In order to comply with the objectives of this study, the sample size was 77 patients, considering the possibility of 10% loss. Thus, the final sample size was calculated at 84 patients. This study is part of a more extensive research project. The inclusion criteria were: to have the diagnosis confirmed by means of quantitative analysis of hemoglobin using hemoglobin electrophoresis or high-performance liquid chromatography performed with the equipment Variant IITM (Bio-Rad); to be aged between 2 and 19 years old; to be clinically stable; to answer the questionnaire and to allow the otolaryngology examination. The exclusion criteria were: other genetic syndromes; disabling diseases; recent craniofacial trauma; and infection during the evaluation or systemic therapy with corticosteroids.

Age was measured in complete years according to the date of birth informed on the medical record. Ethnic origin was self-defined according to the official terms used in the demographic census, considering skin color as the parameter (white, brown or black).

In order to assess the clinical and sociodemographic variables, a questionnaire developed by the authors was used. The questionnaire was standardized including relevant questions, whose answers were provided by the subjects' parents or guardians as follows: regular school attendance; good school performance; difficulty in eating, nocturnal enuresis; nasal obstruction; predominantly oral breathing; tonsillitis (at least five episodes in the last 12 months); recurrent upper airway infections; sleep chocking; restless sleep; and loud snoring or observed apnea at least three times a week. Possible answers were: yes; no; and I don't know. In addition, parents and guardians were asked to inform the number of days with painful crises in the last 12 months.

The examination of the oral cavity was performed by the same otolaryngologist. Tonsils were classified according to Brodsky's criteria: grade 0 = palatine tonsils located inside the tonsillar fossa; grade 1 = tonsils located beyond the tonsillar fossae, occupying less than 25% of oropharyngeal airspace; grade 2 = tonsils occupying more than 25 and less than 50% of the oropharyngeal space; grade 3 = tonsils occupying more than 50 and less than 75% of the oropharyngeal space; grade 4 = tonsils occupying more than 75% of the oropharyngeal space; grades 3 and 4 were considered obstructive.2

After using a nasal vasoconstrictor, a nasal endoscopy was performed using flexible optical fiber (Machida brand) built in a light source device (Endoview). Adenoid hypertrophy was classified according to the following rank: grade 1 = adenoid tissue occupying only the upper segment in the rhinopharyngeal cavity and free choanae (< 25%); grade 2 = adenoid tissue confined to the upper half of the rhinopharyngeal cavity (< 50%); grade 3 = adenoid tissue extending beyond the rhinopharynx, generating partial obstruction of the choana and partial compression of the ostium of the Eustachian tube (< 75%); grade 4 = adenoid tissue obstructing almost the whole choana. Grades 3 and 4 were considered obstructive.3 The subjects presenting with adenoid or palatine tonsil grade 3 or 4 were considered to have obstructive ATH.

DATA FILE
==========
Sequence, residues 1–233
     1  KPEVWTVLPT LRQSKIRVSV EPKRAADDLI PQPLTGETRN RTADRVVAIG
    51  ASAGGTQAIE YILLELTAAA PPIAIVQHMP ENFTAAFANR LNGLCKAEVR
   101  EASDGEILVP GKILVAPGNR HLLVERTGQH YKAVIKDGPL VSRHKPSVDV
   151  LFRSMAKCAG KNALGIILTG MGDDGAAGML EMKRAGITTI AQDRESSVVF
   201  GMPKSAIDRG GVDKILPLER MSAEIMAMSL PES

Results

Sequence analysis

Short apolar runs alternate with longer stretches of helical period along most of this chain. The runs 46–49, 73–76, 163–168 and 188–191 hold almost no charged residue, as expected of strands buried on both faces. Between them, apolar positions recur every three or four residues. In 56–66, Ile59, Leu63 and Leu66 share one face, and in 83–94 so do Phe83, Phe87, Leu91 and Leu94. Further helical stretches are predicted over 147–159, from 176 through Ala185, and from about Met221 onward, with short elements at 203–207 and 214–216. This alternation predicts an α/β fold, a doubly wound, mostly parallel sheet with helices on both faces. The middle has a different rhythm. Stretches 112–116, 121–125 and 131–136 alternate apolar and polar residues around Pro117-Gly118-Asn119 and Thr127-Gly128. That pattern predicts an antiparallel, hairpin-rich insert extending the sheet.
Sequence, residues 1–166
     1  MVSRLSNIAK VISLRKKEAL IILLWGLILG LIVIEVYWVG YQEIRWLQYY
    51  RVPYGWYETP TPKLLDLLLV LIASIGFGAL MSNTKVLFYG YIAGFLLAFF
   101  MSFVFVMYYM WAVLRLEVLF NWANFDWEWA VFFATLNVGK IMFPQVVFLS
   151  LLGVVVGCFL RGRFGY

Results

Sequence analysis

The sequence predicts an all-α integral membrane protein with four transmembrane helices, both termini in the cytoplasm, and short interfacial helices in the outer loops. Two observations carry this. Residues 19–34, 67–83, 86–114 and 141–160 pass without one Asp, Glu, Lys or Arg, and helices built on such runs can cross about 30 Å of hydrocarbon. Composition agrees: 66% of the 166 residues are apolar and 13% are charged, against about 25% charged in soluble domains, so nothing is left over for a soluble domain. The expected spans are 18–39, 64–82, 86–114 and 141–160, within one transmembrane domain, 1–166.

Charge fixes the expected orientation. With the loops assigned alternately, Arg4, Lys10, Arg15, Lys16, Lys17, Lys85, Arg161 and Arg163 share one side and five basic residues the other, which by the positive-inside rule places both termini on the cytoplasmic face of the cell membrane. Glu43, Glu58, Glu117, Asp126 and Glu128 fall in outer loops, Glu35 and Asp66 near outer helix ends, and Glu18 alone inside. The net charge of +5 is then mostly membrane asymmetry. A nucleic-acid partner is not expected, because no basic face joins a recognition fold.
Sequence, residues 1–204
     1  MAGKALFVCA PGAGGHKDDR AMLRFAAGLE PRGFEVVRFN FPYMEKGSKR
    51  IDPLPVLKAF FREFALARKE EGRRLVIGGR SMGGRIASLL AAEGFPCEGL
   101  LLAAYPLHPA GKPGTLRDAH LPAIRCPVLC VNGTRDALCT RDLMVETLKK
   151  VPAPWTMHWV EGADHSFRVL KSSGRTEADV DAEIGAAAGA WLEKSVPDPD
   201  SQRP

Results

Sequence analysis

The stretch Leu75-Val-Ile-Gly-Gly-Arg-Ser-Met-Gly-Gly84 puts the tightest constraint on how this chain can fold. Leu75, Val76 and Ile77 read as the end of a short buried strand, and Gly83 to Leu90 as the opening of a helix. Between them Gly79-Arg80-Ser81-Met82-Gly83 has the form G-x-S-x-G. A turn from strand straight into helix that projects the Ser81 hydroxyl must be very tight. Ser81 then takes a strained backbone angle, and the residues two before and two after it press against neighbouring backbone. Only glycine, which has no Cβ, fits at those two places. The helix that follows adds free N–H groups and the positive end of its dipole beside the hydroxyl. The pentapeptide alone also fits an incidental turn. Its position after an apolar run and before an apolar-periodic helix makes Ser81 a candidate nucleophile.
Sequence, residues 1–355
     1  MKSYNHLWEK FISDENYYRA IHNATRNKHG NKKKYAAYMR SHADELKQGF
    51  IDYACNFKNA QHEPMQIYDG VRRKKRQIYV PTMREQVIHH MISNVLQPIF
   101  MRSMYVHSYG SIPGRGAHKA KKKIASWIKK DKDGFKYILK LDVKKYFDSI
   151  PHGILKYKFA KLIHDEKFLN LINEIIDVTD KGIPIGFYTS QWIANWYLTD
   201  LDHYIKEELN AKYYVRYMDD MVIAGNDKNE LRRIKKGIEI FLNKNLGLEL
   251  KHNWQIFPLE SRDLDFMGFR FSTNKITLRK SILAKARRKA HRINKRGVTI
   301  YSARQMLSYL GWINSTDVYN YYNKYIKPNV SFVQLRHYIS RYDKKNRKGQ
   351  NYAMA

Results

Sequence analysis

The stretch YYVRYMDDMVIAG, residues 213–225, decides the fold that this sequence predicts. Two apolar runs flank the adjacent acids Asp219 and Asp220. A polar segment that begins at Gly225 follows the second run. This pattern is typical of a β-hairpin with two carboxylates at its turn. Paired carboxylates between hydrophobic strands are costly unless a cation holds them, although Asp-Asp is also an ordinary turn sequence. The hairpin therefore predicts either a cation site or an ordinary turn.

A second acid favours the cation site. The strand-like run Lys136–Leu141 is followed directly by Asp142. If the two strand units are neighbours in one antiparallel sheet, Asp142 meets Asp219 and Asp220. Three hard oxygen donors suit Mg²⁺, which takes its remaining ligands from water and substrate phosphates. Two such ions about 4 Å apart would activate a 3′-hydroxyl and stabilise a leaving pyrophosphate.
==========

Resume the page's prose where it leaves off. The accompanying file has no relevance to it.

This project was approved by the Research Ethics Committee of the institution under the protocol 197 (report 98/2006). Children and adolescents' parents and guardians signed the written consent form upon agreeing to participate in this study.

The statistical software Statistical Package for the Social Sciences (SPSS) was used for data analysis. Quantitative variables were expressed as mean ± standard deviation or median and interquartile range, being compared using Student's t test or Mann-Whitney test. Qualitative variables were expressed as simple and relative frequencies and were compared using Pearson's chi-square test or Fisher's exact test. P-value < 0.05 was set as statistically significant.

 

Results

Eighty-five patients, whose mean age was 9.3±3.9 years old, were examined. Of these, 58.8% were males. With regard to the ethnic origin, 71.8% defined themselves as brown, 20% as black and 8.2% as white. The mean hematocrit and hemoglobin levels were 23±4% and 7.9±1.9 g/dL, respectively. The median of painful crisis episodes in the last 12 months was five (interquartile range = 1-20).

Prevalence of palatine tonsils was distributed as follows: grade 0 = 15.3% (n = 13); grade 1 = 43.5% (n = 37); grade 2 = 22.4% (n = 19); grade 3 = 15.3% (n = 13); grade 4 = 3.5% (n = 3). Whereas the prevalence of adenoid was as follows: grade 1 = 15.3% (n = 13); grade 2 = 29.4% (n = 25); grade 3 = 28.2% (n = 24); grade 4 = 27.1% (n = 23). Thus, the prevalence of obstructive ATH was 55.3% (n = 47).

There was not statistically significant difference in terms of association between obstructive ATH, sex and ethnic origin.

ATH mainly affects individuals between 2 and 6 years old, an age group characterized by increase in the lymphoid tissue. Taking the age of 6 years old as a cutoff point, we found that the prevalence of ATH was higher in children aged < 6 years old (17.9 vs. 8.3%; p = 0.003).

Table 1 shows the frequency of otolaryngologic symptoms and the association with obstructive ATH.

We found a greater number of episodes of recurrent upper airway infections in patients with obstructive ATH compared to those with nonobstructive ATH (62.5 vs. 37.5%; p = 0.010).